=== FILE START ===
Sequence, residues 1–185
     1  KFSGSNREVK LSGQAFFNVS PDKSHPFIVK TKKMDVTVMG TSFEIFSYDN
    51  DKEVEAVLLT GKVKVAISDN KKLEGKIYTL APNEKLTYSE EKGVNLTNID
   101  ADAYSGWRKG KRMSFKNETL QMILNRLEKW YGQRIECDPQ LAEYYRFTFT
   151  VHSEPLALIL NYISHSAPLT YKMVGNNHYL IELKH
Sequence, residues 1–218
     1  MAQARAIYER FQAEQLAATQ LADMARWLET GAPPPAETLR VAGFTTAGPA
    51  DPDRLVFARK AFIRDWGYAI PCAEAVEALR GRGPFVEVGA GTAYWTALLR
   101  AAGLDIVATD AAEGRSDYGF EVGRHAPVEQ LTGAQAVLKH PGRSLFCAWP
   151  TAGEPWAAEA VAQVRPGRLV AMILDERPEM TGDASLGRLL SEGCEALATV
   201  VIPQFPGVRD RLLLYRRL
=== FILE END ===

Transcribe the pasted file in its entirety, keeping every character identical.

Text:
Sequence, residues 1–185
     1  KFSGSNREVK LSGQAFFNVS PDKSHPFIVK TKKMDVTVMG TSFEIFSYDN
    51  DKEVEAVLLT GKVKVAISDN KKLEGKIYTL APNEKLTYSE EKGVNLTNID
   101  ADAYSGWRKG KRMSFKNETL QMILNRLEKW YGQRIECDPQ LAEYYRFTFT
   151  VHSEPLALIL NYISHSAPLT YKMVGNNHYL IELKH
Sequence, residues 1–218
     1  MAQARAIYER FQAEQLAATQ LADMARWLET GAPPPAETLR VAGFTTAGPA
    51  DPDRLVFARK AFIRDWGYAI PCAEAVEALR GRGPFVEVGA GTAYWTALLR
   101  AAGLDIVATD AAEGRSDYGF EVGRHAPVEQ LTGAQAVLKH PGRSLFCAWP
   151  TAGEPWAAEA VAQVRPGRLV AMILDERPEM TGDASLGRLL SEGCEALATV
   201  VIPQFPGVRD RLLLYRRL